Dialogue framed the rest of the school visit.  We were invited to talk to some of the older pupils in the HAVO about school life and to let them to take us on a tour of the school. As they practiced their English communication skills with us, we learned from them. Through our dialogue we gained an understanding of the strength of the relationships between staff and students and the way that much of the curriculum is framed around active projects and opportunities for collaborative and independent learning. Both teachers and pupils are expected to take ownership and responsibility with the aim to create a supportive and motivational atmosphere. The school leaders were clear that teachers were expected to make autonomous decisions, that there were no set routines to individual lessons (although there is a timetable) and that best practices should be shared. Change was happening organically and had gained momentum through the redevelopment of the HAVO building which had created new learning and social spaces.  The school also employs an Educational Developer who acts as a coach for conversations around teaching and learning practice, supporting teachers to work through dilemmas emerging in practice and their ideas for innovation.

The opportunity to visit Odulphus School provided EU Promise project participants a chance to experience how a school is addressing their professional educational dilemmas through re-imaging and shaping their practices in line with their underpinning values. For our project this visit was a source of ‘exemplary knowledge’ not because the school is taken to be representative, but because as visitors we gained an authentic experience of how professionals were working through their dilemmas. Rooting ourselves within the practice of teachers has allowed us to further develop the project thinking and to recognise the significance of being ambitious for teachers’ professional learning.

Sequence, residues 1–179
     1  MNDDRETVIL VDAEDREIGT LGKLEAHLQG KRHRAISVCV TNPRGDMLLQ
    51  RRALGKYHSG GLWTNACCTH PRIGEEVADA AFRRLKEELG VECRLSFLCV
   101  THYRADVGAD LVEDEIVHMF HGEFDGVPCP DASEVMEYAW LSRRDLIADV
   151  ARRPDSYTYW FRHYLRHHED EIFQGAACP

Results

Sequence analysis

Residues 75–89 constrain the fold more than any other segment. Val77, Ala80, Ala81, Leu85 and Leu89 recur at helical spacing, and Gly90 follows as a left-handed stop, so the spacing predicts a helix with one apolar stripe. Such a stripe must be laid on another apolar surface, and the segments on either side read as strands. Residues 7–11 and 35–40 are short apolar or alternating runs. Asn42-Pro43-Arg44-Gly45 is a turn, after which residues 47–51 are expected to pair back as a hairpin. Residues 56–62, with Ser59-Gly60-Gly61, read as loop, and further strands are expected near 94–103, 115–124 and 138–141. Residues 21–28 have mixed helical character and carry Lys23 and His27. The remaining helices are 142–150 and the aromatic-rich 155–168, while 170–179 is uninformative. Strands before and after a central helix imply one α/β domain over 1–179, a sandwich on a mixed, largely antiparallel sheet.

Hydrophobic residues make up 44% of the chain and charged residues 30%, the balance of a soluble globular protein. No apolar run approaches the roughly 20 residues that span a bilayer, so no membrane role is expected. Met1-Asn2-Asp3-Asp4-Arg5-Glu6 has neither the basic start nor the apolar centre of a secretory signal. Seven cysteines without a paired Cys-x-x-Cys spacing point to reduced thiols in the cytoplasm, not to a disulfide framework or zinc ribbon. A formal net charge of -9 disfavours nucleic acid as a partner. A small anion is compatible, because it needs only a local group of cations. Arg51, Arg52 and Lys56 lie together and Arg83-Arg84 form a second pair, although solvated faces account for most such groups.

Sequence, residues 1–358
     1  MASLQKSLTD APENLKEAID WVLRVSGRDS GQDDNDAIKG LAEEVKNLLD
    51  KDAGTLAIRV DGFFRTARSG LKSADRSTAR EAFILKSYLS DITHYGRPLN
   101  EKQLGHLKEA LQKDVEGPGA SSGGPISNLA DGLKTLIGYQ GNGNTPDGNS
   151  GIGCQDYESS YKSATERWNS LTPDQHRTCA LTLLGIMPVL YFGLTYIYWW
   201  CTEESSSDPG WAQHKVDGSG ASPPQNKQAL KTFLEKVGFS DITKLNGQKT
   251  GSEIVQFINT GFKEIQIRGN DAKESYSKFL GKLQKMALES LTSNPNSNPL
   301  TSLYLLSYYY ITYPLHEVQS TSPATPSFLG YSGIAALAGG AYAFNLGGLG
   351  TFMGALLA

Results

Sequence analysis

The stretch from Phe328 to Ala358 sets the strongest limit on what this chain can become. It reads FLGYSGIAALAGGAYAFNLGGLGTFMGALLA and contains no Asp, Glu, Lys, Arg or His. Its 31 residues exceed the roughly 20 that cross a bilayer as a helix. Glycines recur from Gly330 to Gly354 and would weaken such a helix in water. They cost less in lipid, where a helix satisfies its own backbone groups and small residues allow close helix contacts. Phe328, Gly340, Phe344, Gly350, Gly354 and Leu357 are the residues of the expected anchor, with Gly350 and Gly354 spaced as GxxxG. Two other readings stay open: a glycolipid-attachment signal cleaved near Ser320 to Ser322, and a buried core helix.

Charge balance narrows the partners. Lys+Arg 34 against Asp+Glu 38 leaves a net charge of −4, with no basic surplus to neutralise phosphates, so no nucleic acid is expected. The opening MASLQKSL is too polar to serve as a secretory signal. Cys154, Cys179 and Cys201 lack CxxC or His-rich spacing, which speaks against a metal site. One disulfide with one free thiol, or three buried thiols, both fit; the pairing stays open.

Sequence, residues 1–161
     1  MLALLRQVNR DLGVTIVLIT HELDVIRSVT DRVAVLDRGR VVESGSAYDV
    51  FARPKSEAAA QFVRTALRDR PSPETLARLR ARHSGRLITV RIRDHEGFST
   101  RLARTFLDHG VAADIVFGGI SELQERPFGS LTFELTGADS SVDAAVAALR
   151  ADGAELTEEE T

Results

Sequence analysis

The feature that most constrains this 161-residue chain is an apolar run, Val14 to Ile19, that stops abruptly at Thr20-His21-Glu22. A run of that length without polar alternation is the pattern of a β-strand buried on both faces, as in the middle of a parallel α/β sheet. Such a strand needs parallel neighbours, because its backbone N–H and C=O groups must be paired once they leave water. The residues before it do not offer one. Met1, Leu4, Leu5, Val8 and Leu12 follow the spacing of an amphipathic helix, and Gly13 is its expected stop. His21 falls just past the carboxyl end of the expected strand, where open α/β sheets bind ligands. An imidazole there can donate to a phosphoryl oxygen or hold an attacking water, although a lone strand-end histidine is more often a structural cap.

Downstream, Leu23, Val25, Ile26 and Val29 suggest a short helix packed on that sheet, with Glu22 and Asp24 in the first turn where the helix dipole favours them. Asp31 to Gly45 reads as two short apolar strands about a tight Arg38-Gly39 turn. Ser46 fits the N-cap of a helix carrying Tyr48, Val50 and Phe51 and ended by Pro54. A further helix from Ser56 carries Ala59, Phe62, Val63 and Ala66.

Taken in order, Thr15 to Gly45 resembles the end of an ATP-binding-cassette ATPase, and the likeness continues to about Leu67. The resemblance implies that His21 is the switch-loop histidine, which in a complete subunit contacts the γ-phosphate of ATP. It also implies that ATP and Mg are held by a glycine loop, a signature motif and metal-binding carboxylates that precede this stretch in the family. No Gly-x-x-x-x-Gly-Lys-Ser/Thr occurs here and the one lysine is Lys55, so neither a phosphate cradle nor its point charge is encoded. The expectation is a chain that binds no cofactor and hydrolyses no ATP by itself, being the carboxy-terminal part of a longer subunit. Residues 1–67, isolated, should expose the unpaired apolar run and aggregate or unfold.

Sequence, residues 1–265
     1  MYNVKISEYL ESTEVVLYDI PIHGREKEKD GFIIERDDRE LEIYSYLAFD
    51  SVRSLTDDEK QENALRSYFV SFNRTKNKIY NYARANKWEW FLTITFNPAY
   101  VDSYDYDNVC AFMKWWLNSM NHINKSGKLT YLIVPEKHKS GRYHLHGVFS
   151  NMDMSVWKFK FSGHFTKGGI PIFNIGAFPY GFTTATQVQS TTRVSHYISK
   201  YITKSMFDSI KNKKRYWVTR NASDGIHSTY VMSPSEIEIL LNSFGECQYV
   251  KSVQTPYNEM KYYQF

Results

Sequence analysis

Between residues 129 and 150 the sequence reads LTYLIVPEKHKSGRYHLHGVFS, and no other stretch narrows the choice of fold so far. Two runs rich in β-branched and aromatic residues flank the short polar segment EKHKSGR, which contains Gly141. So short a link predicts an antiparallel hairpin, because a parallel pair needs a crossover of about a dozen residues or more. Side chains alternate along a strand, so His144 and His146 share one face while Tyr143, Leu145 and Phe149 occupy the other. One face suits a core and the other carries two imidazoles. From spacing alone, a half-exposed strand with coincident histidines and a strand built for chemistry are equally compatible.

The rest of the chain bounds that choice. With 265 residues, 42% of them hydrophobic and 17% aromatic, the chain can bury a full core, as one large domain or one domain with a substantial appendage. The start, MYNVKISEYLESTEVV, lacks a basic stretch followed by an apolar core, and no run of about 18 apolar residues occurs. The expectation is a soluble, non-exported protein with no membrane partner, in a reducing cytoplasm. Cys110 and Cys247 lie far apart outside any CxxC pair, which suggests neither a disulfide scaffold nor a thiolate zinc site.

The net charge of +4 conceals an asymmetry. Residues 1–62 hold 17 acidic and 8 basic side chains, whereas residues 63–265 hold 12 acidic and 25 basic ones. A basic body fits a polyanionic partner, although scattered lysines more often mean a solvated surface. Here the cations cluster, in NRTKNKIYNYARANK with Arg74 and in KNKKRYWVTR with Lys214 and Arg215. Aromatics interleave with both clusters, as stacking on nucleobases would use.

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About the Authors

Dr Mhairi Beaton

Dr Mhairi Beaton is Senior Lecturer in Special Educational Needs at the Carnegie School of Education.

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Professor Rachel Lofthouse

Rachel Lofthouse is Professor of Teacher Education in the Carnegie School of Education. She has a specific research interest in professional learning, exploring how teachers learn and how they can be supported to put that learning into practice.